The excellent age model controls provided by wood 14C provide us with a powerful (and not always flattering) insight into the sedimentation rates of the Gulf cores. For example, our wood-constrained calendar ages identify two periods of slow sedimentation (or possibly hiatus events) in LPAZ-21P (between 22.7 and 19.5 kyr BP and between 12.1 and 9 kyr BP; see gray bars in Figs. 3, 4, and 6). The earlier interval is bracketed by wood-constrained calendar ages, while the shallower and/or more recent sedimentation rate slowdown begins approximately at the end of the Younger Dryas or less than ≈12.1 kyr BP.

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Figure 4Foraminifera abundance at site LPAZ-21P for planktic (G. bulloides) and benthic species (all others). Error bars represent 2 times the typical standard deviation for replicate counts.

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Figure 5The 14C isotopic composition (corrected for decay as Δ14C) for Gulf of California benthic foraminifera monospecies (a–d) and mixed species (d) compared with monospecies and mixed-species benthic foraminifera Δ14C measurements from the California Undercurrent sediment core site (orange) (Lindsay et al., 2015; Marchitto et al., 2007) over the past 30 000 yr BP. See core locations in Fig. 2. Canted error bars take into account measurement and age model errors (Stuiver et al., 2017). Diamonds indicate Δ14C at foraminifera abundance maximum. The Δ14C of all gulf benthic foraminifera (see Fig. 3 legend) is shown (e) alongside atmospheric Δ14C (gray) (Reimer et al., 2013) and California Undercurrent site Δ14C (orange). Modern Δ14C near the depth of the gulf and Pacific sites is about 173‰ (Key et al., 2004).

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3.2 Foraminifera abundance estimates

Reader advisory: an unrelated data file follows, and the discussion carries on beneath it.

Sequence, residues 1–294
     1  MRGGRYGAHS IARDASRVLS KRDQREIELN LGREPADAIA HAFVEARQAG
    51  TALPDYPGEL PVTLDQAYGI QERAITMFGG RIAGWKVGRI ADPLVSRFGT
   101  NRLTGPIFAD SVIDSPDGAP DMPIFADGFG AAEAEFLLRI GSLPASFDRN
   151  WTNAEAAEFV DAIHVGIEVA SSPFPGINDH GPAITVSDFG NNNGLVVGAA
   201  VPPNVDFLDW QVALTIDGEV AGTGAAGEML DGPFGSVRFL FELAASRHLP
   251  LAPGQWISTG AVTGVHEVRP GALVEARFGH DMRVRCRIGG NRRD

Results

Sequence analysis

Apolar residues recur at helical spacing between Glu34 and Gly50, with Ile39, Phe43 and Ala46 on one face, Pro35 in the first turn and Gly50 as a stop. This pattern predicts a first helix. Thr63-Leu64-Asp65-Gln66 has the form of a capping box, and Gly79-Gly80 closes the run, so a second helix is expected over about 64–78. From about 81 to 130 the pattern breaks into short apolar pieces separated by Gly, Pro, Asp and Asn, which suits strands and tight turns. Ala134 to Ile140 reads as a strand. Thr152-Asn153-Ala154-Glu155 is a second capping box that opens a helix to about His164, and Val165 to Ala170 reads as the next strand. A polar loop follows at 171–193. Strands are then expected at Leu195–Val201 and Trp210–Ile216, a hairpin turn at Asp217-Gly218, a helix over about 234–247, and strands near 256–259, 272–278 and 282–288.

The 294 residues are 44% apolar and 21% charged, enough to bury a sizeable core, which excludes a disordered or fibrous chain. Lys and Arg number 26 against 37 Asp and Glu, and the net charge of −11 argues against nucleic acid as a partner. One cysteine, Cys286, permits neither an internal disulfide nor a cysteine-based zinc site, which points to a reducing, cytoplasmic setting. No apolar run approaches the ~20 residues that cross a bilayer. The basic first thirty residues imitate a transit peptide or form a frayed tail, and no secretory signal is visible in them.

The abundance of four benthic and one planktic foraminifera species in the LPAZ-21P core is highly variable with the abundance of planktic species G. bulloides as high as > 6000 g−1 of sediment (Fig. 4). The least abundant foraminifera was P. ariminensis, which had peak values just over 200 g−1. The abundance of G. bulloides and all other planktic foraminifera (not shown) in these sediments dropped sharply after 12.1 kyr BP – a loss of planktic foraminifera preservation that is also seen at the nearby California Undercurrent site (red diamond in Fig. 2) (Lindsay et al., 2015). The abundance of P. ariminensis also drops to zero after 12.9 kyr BP, while U. peregrina and T. bradyi decline to lower but persistent values ≈2 kyr later. Bolivina spp. are known to persist in low oxygen waters and are the most abundant foraminifera in LPAZ-21P and LPAZ-21PG sediments for the past 7 kyr.

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Figure 6Comparing Gulf of California U. peregrina Δ14C with anomalous values based on the Bayesian calendar age (circle) based on sediment depth and the wood-constrained calendar age (square). If this anomaly was not the result of human error (mislabeling of the sample depth), then this may suggest the influence of macrofauna. See text for more details.